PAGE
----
The large value transfer system (LVTS) is a wire system in Canada that allows banks to transfer funds among each other. The Bank of Canada and the country's department of finance developed the LVTS,...
In the securities industry a lead bank is a company, usually an investment bank, that helps companies introduce their new securities into the market by leading a syndicate of investment banks to issu...
Macro risk is the risk that the political activity in a country will affect the operations of foreign companies that do business in that country. For example, let's say the government of the country...
Managed currency is the opposite of currency whose exchange rate is determined by the amount of supply and demand for the currency in the global marketplace. Most currencies, however, are managed by ...
Market arbitrage is a trading strategy whereby a trader sells a security in one market and buys the same security in another market. The practice of market arbitrage is based on assuming that an ass...
Mrs. Watanabe, also referred to as "Japanese Housewives," is a slang term for small, retail investors in Japan. Typically, Mrs. Watanabe traders are indeed women, and in the early 2000s they began t...
An ocean bill of lading is a receipt and invoice between a carrier and a shipper. For example, let's assume that Company XYZ is in Seattle and it wants to purchase goods from Supplier ABC in China. ...
The Office of Foreign Assets Control is the entity within the U.S. Treasury Department that creates and enforces trade sanctions. The OFAC used to be called the Office of Foreign Funds Control. The ...
In the banking world, Old Lady is a nickname for the Bank of England. The full nickname is "Old Lady of Threadneedle Street." The Bank of England is the United Kingdom's central bank, meaning that i...
A pegged exchange rate, also known as a fixed exchange rate, is a type of exchange rate in which a currency's value is fixed against either the value of another country's currency or another measur...
The Eurozone nations of Portugal, Ireland, Italy, Greece and Spain make up a group of financially weak countries often referred to in the financial media by the acronym PIIGS. The Eurozone is made u...
A qualified domestic institutional investor (QDII) is an institution allowed to invest in foreign securities.  China runs one of the most well known QDII programs. There, the China Securities Regul...
A qualifying transaction occurs when a private company issues publicly traded stock in Canada. For example, let's assume Company XYZ is a Canadian company that is privately held. Company XYZ wants t...
Revaluation refers to the adjustment of the exchange rate of a country's currency. In countries with fixed exchange rate rates, the central bank (i.e. the country's government) can change the offici...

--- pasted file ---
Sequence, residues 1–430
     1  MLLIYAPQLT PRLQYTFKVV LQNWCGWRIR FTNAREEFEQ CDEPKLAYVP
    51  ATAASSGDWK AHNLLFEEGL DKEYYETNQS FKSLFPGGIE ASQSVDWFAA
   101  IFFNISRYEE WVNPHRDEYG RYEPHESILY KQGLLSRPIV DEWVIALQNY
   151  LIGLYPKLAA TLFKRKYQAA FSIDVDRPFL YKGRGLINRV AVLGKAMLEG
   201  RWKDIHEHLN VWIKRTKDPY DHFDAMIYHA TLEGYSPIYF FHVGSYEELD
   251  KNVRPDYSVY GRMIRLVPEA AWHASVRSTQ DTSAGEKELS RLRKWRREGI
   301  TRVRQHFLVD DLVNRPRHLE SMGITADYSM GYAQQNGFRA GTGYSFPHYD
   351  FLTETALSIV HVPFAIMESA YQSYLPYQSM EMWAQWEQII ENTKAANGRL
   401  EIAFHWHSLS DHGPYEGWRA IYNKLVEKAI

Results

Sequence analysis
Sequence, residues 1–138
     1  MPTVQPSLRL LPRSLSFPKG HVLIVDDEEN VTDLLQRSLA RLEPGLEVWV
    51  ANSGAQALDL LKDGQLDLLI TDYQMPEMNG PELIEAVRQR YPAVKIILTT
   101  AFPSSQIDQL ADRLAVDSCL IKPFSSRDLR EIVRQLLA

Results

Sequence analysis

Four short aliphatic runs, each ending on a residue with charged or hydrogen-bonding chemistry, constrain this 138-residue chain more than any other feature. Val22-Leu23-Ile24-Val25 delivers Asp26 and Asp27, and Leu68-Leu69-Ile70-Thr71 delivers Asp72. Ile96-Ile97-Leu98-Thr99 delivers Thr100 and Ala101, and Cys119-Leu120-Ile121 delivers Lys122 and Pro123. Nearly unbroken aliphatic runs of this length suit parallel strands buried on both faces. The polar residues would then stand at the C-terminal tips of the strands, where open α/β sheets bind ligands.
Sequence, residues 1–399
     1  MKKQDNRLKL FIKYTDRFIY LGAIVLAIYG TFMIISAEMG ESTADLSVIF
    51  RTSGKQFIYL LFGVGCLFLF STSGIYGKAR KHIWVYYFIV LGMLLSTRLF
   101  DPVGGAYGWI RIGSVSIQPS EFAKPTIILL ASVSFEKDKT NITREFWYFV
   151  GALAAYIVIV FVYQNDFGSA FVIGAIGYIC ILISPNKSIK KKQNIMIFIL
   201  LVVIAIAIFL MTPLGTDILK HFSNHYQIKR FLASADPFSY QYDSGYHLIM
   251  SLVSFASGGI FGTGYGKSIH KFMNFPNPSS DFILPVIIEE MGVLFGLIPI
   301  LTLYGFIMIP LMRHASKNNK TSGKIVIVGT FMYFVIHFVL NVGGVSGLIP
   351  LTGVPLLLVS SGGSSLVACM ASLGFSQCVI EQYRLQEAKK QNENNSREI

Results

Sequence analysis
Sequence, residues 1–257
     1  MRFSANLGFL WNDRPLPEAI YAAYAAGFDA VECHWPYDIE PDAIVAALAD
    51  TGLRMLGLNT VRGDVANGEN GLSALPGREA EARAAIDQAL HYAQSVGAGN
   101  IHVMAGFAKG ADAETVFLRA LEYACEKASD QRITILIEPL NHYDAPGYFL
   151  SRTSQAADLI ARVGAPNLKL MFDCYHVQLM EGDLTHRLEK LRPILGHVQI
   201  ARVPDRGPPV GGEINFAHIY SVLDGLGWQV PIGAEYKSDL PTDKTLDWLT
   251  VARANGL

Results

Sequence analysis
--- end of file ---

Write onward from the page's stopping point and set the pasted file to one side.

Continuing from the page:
A saitori is a member of the Tokyo Stock Exchange who matches buy and sell orders. Saitori are similar to specialists in the New York Stock Exchange. They match up brokers' buy and sell orders, and ...
The Shanghai Composite Index tracks the biggest and most important public companies in China. The Shanghai Composite Index is similar to the Dow Jones Industrial Average (DJIA) in the U.S. The Shan...
The SSE Composite Index tracks the largest and most important public companies in China.  The SSE Composite Index is similar to the Dow Jones Industrial Average (DJIA) in the U.S. The SSE Composit...
The Stock Exchange Daily Official List code is a unique identifier generated by the London Stock Exchange for securities issued in the U.K. Each U.K.-issued security traded on the London Stock Excha...
The Straits Times Index is Singapore's premier equity index and the most widely used benchmark for the performance of equities traded on the Singapore Stock Exchange. The index is comprised of 55 of...
The TED spread was originally calculated as the difference between interest rates on 3-month T-bills and 3-month Eurodollar contracts with identical expiration months. The acronym is derived from the...
Transaction risk is the risk that a company will incur losses in a transaction comprising multiple currencies due to exchange rate movements. Companies often engage in transactions involving more th...
A traveler's check is a certified note issued by a bank that may be used by travelers as a risk-free substitute for paper currency. When individuals travel, particularly abroad, they often need cash...
Umberto Agnelli was a well-known chairman of Italian automaker Fiat -- the famous maker of the Fiat and the Ferrari. Born in Lausanne, Switzerland, in 1934, Agnelli was one of seven children. His fa...
In a Walrasian market, buy and sell orders are grouped together and then executed at specific times, rather than executed one by one continuously. Let's assume that the following buy orders for Comp...
In a brokerage firm, a wire room receives customer orders from brokers, sends the orders to the exchanges, and sends back notices of execution.   For instance, let's say John Doe is a broker at Br...
The World Bank is an international financial institution dedicated to reducing poverty around the world through capital investment and the facilitation of trade. Based in Washington, D.C., the World...
Xetra is a trading system owned by the Deutsche Borse (German stock exchange). Started in 1997, about 250 participants (mostly brokerages, dealers, and market makers) in 19 countries use Xetra, whic...
The ZEW Economic Sentiment is a monthly survey of economic sentiment in Germany. (The acronym stands for Zentrum für Europäische Wirtschaftsforschung GmbH, or Centre for European Economic Research....